obviously a failure. The policy of not talking with the North Koreans, of not negotiating with them
resulted in North Korea having a nuclear weapon s arsenal that was four or five time what the Bush
Administration inherited. The second thing is that the Bush administration has got its had full
with so many other problems in the world, this deal with North Korea will show at least one of
those crises is being managed.

TONY JONES: Going away, in fact, and one of the axis of evil countries, no less. In a side deal,
looks like it's going to be delisted as a terrorist nation. hat's an extraordinary move, isn't it?

MARK FITZPATRICK: Well, that one that move has been in the works for about 20 years. It's been,
actually, a long time since North Korea conducted any terrorist acts or supported any terrorist
groups and so 20 years ago, when I was in the State Department, we were talking about what would be
necessary to take North Korea off the terrorist list and it's resurfaced several times since then.
It's always been a card that Washington is able to play. It's got some tricky politics to it but
it's actually overdue.

TONY JONES: It may well be but we've just seen the Iranian President appealing directly to the US
public and threatening to attack the United States if it attacks Iran. Now what is the message
being sent out by this deal to the Iranians? Is it a message that could lead to peace or a message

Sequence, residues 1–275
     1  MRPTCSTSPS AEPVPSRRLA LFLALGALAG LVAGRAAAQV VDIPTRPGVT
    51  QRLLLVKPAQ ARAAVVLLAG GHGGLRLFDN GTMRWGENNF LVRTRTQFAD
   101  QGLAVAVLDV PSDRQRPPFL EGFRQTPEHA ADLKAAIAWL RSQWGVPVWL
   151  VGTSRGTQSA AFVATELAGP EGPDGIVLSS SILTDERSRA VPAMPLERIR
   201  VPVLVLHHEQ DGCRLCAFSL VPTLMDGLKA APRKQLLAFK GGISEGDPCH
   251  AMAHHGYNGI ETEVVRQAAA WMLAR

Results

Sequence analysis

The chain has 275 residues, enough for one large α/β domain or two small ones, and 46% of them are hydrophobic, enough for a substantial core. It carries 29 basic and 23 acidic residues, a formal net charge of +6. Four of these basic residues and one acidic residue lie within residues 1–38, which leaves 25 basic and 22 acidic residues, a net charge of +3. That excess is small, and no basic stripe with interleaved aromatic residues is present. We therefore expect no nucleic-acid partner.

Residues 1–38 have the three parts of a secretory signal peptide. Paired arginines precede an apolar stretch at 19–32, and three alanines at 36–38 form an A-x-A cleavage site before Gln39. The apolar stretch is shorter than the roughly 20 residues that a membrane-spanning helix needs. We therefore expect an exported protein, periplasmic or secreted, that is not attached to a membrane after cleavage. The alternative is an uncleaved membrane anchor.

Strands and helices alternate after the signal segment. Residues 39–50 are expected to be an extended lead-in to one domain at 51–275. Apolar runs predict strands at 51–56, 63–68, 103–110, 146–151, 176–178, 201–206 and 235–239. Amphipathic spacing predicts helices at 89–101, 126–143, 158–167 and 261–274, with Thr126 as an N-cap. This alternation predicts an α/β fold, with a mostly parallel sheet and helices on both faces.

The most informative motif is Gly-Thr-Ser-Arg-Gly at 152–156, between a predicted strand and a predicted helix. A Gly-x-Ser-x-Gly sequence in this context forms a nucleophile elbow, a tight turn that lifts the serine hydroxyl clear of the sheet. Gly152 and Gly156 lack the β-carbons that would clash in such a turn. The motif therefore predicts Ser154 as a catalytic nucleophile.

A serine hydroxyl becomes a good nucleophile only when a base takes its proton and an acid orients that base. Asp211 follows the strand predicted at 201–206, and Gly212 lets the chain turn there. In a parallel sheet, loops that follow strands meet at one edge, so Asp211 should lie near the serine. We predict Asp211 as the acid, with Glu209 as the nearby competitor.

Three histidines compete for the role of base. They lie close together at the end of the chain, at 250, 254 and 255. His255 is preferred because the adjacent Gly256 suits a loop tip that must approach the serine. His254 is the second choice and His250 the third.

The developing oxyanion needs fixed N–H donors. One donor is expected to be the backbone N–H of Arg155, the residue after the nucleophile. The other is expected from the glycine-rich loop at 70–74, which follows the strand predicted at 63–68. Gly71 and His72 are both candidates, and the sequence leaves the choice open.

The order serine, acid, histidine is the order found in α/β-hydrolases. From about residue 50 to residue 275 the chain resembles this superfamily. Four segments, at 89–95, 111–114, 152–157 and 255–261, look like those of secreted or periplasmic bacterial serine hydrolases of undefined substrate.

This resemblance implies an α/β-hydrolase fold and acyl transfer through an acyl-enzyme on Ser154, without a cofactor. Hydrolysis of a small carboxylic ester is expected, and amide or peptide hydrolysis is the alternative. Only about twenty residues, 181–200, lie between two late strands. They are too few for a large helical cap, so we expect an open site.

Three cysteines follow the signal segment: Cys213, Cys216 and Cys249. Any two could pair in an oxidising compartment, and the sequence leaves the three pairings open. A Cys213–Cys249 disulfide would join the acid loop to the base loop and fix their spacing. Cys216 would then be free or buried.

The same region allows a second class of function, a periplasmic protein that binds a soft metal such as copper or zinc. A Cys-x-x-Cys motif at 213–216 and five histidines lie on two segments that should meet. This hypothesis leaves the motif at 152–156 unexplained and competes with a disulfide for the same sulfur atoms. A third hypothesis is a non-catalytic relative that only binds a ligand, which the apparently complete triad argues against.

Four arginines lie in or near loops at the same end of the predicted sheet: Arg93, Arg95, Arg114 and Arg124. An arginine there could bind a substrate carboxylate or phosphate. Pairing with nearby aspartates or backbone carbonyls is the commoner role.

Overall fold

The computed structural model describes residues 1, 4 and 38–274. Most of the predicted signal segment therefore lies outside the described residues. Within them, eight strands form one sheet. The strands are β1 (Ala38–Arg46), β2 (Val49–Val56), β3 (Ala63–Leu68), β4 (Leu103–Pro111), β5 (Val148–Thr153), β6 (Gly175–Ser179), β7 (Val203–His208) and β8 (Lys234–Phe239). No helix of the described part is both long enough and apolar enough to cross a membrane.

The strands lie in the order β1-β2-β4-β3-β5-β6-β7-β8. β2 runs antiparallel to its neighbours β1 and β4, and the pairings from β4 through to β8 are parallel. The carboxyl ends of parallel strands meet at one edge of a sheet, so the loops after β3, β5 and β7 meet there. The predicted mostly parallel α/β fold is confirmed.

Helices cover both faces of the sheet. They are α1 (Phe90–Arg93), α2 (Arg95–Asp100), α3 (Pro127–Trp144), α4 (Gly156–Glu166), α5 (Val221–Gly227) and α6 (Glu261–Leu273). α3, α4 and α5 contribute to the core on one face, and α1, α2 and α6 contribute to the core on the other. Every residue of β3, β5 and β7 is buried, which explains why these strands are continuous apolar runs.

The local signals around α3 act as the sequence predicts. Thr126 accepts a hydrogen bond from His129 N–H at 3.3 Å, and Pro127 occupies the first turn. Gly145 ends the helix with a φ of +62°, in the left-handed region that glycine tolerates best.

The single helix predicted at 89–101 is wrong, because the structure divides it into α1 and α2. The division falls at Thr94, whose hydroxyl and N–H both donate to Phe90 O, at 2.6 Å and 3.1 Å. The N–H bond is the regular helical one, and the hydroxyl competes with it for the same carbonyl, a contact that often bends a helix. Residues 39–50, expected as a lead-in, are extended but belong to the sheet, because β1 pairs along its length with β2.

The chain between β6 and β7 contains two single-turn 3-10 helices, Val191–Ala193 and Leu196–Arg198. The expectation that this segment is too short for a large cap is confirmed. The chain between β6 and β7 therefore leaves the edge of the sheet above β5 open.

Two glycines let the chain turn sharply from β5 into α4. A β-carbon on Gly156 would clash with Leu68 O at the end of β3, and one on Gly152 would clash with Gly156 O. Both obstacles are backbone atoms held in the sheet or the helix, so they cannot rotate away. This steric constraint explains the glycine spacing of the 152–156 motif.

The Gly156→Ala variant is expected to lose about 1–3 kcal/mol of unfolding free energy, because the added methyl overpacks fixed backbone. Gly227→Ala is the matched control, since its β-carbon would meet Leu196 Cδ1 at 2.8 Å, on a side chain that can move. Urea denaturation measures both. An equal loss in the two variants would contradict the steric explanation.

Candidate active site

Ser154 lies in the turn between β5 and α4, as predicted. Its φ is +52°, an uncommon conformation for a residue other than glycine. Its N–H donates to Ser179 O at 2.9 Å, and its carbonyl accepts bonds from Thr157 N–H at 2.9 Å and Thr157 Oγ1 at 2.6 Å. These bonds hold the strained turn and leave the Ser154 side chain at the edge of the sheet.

that could still lead to war?

MARK FITZPATRICK: Well, there's - Iran could take it one of two different ways. I hope they take it
to see that the United States is willing to talk to its enemies. It still regards North Korea as
part of the axis of evil, it still regards Iran that way but they're able to talk and make a deal.
So I think Iran should take heart that, if they were willing to make a concession, suspend the
enrichment program, there are real benefits to be gained. The unfortunate other lesson they might
learn is, if they stick to their guns, go ahead, develop a nuclear weapon, test it, do something
that provocative, that eventually that will persuade the super power to make some concessions of
itself. I hope it doesn't come to that.

TONY JONES: That's of course what the hardliners are arguing right now, but do you think
essentially what we're seeing here is a shift away from the influence of the neoconservatives in
Washington and their point of view and Bush moving towards, if you like, the Democrats who now
control both houses of Congress?

MARK FITZPATRICK: I think it definitely represents a move away from that hard-line belief that you
can't talk to your enemies. I wouldn't say it's necessarily moving towards the Democrats. What it
is, it's listening to the pragmatic voice of Condi Rice. She's not saying anything too different in
this regard that Colin Powell said in terms of the need to negotiate and push pragmatic polls but
she has the President's ear and he may have realised that the advice he was getting from Vice
President Cheney and the others had gotten him into Iraq and it's time to listen to more flexible
voices of reason.

TONY JONES: Mark Fitzpatrick, we'll have to leave it there. We thank you very much once again for
taking the time to come and spell out some detail on these rough and fast moving stories. Thank you
very much.

MARK FITZPATRICK: You're welcome.

(c) 2007 ABC